A healthy living blog from Marshfield Clinic

Keep school skills sharp during summer break

Two boys reading outside on a summer day - Keeping up school skills during the summer

Summer learning should include 20 minutes of reading each day to help kids retain skills learned during the school year.

School’s out for summer, but that doesn’t mean kids should get a complete break from learning.

“Look at summer as an enrichment time for kids,” said Dr. Lori Shepherd, a Marshfield Clinic pediatrician. “Look for ways to make learning fun.”

Besides keeping kids occupied, fun and enriching activities will help them retain what they learned during the school year, she said.

Summer slide is real

It’s well documented that kids who don’t get educational enrichment in the summer fall behind in reading and math. The “summer slide,” as it’s called, can set kids back two months in reading and math. Many kids don’t get those skills back.

Summer slide has the greatest effect on children from low-income families who can’t afford camps or summer learning programs. By fifth grade, summer learning loss can leave low-income students three years behind their classmates. Researchers credit about half the academic achievement gap between lower and higher income students to the summer slide, according to a New York Times article.

Keep reading, maintain math

Reading is one of the easiest ways to keep kids’ minds active in the summer. Join a summer reading challenge at the local library to encourage kids to read more books.

“Let your kids pick fun books they’ll love to read,” Shepherd said. “Try to read for 20 minutes a day.”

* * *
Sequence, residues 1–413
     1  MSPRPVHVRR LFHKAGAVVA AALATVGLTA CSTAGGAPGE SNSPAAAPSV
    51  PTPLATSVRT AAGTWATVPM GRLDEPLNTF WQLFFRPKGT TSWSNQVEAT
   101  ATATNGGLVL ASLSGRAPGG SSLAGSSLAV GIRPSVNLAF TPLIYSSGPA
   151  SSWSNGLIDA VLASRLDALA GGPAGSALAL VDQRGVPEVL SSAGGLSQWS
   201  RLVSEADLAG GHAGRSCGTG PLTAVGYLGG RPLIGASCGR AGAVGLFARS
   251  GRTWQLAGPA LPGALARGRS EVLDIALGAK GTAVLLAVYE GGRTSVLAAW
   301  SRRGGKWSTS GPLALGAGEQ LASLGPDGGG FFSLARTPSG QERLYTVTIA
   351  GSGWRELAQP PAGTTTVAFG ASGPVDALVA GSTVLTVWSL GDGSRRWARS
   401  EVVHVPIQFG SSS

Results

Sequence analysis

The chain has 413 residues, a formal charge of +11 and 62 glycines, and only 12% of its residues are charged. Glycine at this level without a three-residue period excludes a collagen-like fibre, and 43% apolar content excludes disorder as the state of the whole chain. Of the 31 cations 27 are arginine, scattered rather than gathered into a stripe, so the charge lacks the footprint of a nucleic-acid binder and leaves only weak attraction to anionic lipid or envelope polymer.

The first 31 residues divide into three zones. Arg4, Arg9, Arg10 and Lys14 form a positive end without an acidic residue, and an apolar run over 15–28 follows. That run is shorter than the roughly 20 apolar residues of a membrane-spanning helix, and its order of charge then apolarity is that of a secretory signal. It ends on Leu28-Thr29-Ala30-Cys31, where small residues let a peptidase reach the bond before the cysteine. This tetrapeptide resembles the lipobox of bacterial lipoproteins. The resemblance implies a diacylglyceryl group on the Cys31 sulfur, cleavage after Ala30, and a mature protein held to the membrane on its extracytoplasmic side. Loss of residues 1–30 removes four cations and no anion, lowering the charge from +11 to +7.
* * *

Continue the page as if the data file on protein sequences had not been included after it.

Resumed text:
You don’t have to stick to books to get kids reading. Look at the weather forecast or read the comic section in the newspaper together.

Keep reading out loud even if your kids can read independently to build their listening comprehension skills.

Maintain math skills by doing a few problems each day and find ways to use math in daily life at grocery stores and restaurants. Ask your child’s teacher about good sources for grade level-appropriate math problems.

Look for non-traditional learning opportunities

There are many chances to combine learning and summer fun.

“If you have a vacation planned, ask your kids to look at maps and guidebooks to find activities and places to explore,” Shepherd said

Have kids keep a journal of their experiences or write letters or emails to friends to keep writing skills sharp.

Choose recipes to make, then measure ingredients and cook them together.

Find affordable summer learning programs

Summer learning doesn’t have to take place in a classroom setting. Camps and programs in which children explore nature and perform science experiments encourage learning.

Some local school districts, public libraries and non-profit organizations that serve children offer free or low-cost summer learning programs. Tuition assistance for fee-based programs may be available to qualified families.

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